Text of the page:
OK, a quick show of hands: Who would like to get a kiss from Katy Perry?
Well, perhaps Plugged In readers are not a representative sample of America as a whole. Certainly, plenty of folks would gladly accept a smooch from the singing superstar. And maybe that’s what Perry was thinking when she planted a peck on 19-year-old Benjamin Glaze in the season premiere of ABC’s American Idol. Glaze admitted that he’d never kissed a girl before: “I have never been in a relationship and I can’t kiss a girl without being in a relationship,” he said on the show.
Well, perhaps Perry felt that auditioning in front of her was relationship enough: She beckoned him over and stamped a couple of kisses on the bashful lad. But while Glaze admits that plenty of guys would’ve been thrilled with the peck, he wasn’t. “I wanted to save it for my first relationship,” he told The New York Times. “I wanted it to be special.”
While the presumptive pucker might not strike most as sexual harassment, it was an interesting move by Perry, given the #MeToo movement and all. (Michael Caine, by the way, is the latest celeb to say he’d never work with Woody Allen again, and Susan Sarandon has been speaking to The Hollywood Reporter about the movie industry’s tricky relationship with sex. Even Netflix’s superhero show Jessica Jones has a storyline, unintentionally, linked to #MeToo.)
But maybe Perry had other things on her mind. Like the fans blaming the singer for “killing” a nun who was trying to prevent Perry from buying a plot of California land that had belonged to the nun’s convent. (According to Fox News, the 89-year-old nun was arguing her case in court when she collapsed and later died.)
Oh, and then there are those rumors about her being an extra-terrestrial lizard woman …
OK, that last bit I just made up, which means that your friends might hear about it sooner than the true stuff. According to a study by Science, lies spread faster on Twitter than truth does, and by a disturbingly large margin. Seems the study tracked 126,000 fake news stories tweeted by 3 million users, and fake news reaches 1,500 users about six times faster than real news does. And we can’t blame Russian bots for it, either: Fake news goes viral, the study’s authors say, “because humans, not robots, are more likely to spread it.”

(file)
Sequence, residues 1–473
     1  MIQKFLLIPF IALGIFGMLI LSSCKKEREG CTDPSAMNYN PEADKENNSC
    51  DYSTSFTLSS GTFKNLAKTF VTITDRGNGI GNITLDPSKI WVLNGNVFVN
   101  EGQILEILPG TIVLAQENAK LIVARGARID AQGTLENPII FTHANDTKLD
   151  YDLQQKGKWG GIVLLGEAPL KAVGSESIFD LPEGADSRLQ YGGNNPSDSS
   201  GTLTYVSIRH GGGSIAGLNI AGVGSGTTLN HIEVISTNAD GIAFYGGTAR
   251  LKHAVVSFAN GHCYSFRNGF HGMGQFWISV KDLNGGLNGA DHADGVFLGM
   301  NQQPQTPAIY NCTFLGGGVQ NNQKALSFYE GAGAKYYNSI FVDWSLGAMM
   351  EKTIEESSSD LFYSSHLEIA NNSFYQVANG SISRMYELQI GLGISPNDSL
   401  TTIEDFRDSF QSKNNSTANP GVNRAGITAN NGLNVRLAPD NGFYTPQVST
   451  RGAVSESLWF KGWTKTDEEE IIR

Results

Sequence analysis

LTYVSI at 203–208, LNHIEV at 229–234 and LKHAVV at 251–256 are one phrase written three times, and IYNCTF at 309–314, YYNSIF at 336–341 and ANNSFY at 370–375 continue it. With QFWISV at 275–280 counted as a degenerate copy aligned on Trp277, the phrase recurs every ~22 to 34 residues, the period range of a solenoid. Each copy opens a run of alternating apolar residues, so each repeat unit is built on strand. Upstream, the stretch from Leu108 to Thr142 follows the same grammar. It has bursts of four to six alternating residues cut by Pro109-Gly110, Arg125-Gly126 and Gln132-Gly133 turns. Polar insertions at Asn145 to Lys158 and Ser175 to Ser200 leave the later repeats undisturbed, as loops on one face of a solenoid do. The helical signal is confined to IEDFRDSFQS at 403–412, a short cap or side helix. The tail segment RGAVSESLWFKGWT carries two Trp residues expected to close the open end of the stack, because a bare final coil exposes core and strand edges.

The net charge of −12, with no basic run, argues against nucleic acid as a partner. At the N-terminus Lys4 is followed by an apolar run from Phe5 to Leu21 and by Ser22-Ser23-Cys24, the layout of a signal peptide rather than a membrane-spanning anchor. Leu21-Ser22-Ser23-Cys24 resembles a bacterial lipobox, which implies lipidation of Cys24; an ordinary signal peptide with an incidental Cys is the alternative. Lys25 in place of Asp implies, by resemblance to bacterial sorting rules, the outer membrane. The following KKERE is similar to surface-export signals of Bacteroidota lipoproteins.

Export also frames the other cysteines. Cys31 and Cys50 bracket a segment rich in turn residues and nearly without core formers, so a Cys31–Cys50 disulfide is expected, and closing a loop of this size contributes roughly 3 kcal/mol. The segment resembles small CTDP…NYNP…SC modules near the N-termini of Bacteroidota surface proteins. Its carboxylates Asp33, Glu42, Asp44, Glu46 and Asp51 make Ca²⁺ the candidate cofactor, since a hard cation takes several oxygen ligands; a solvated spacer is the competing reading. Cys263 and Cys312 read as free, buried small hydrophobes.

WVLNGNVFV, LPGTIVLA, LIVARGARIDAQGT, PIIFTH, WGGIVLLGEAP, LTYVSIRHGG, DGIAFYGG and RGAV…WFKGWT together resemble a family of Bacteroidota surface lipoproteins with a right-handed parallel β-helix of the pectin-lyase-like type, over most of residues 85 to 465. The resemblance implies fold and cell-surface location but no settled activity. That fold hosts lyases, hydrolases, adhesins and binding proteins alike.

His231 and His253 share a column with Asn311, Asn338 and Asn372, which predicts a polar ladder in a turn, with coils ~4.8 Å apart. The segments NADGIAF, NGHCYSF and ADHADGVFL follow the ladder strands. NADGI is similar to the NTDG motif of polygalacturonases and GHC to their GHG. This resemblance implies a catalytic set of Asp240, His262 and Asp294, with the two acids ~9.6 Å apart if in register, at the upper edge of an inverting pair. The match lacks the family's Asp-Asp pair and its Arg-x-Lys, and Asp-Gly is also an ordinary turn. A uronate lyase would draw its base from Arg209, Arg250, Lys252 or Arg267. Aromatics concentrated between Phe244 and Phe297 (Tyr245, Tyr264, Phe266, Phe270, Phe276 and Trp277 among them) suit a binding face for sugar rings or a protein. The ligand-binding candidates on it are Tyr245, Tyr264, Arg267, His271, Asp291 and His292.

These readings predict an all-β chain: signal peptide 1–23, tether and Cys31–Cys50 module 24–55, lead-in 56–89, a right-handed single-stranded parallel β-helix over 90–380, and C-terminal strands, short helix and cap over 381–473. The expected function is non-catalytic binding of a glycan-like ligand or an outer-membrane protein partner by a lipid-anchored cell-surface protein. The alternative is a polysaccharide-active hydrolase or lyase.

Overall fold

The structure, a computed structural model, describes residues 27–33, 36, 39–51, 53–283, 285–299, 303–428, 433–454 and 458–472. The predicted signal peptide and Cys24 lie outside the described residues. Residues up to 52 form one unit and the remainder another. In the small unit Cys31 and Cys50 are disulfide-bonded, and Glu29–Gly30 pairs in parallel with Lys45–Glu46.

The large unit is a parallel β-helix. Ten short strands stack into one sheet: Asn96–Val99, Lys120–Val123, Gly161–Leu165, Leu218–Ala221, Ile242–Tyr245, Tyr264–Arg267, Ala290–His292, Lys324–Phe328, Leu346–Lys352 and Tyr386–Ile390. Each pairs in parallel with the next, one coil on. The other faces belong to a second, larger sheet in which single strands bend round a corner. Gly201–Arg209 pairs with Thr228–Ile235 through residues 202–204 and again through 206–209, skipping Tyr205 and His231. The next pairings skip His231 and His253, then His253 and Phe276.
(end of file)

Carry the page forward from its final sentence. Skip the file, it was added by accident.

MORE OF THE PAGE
Maybe that’s one of the reasons why a third of Millennials have closed their Twitter and Facebook accounts for good—even as they have a hard time rejecting Snapchat.
Twitter’s not the only social network where falsehoods thrive, naturally. Case in point: A viral video posted on YouTube, suggests that 17-year-old David Hogg, a survivor of the tragic Stoneman Douglas High School shooting, was in fact an actor. The video became the top-trending clip on YouTube before the service removed it.
While fake news on social media is always bad, fake social media accounts may have a surprising upside—at least according to the teens who create them. Take “fake” Instagram accounts, sometimes referred to as “finstas.” While these accounts can indeed be a parents’ worst nightmare, researcher Joanne Orlando suggests that these finsta accounts are more often online places where users can escape the perfection demanded on Instagram: They reserve their main accounts to showcase a more idyllic version of who they are, while reserving their more private finstas for their close friends where they can be more “real.” And, given that yet another study is suggesting social media posts can lead to an unhealthy body image, a space to be a little more real may not be a bad thing.
Social media may have another unexpected perk connected to it, as well: Through it, teens learn how to stand up for what they believe in.
Teens and young adults are doing more than wiling away their lives standing up for their principles and reading fake news on social network sites, of course. They’re also gaming—and they’re doing it more competitively than ever before. According to a survey by the Washington Post and the University of Massachusetts Lowell, nearly three-quarters of Americans between the ages of 14 to 21 have either played in or watched multiplayer online games or competitions.
A lot of those online video game matches involve, well, violent video games. The current U.S. administration recently resurrected a dialogue on the influence that such games can have on players. Meanwhile, USA Today reminds its readers that the gaming industry has a ratings system in place to help parents choose appropriate games for their kids. (Rumor has it that there’s even some online Christian resources that can be of service, too.)
In other news, the phone crackers at Cellebrite allege that every Apple iPhone—despite its heralded security measures—can be unlocked. Perhaps Cellebrite should contact a poor mother in China, whose 2-year-old son apparently locked Mom out of her iPhone for the next 25 million minutes, which translates to about 47 years.
Maybe that’s why Amazon’s Alexa is laughing so much.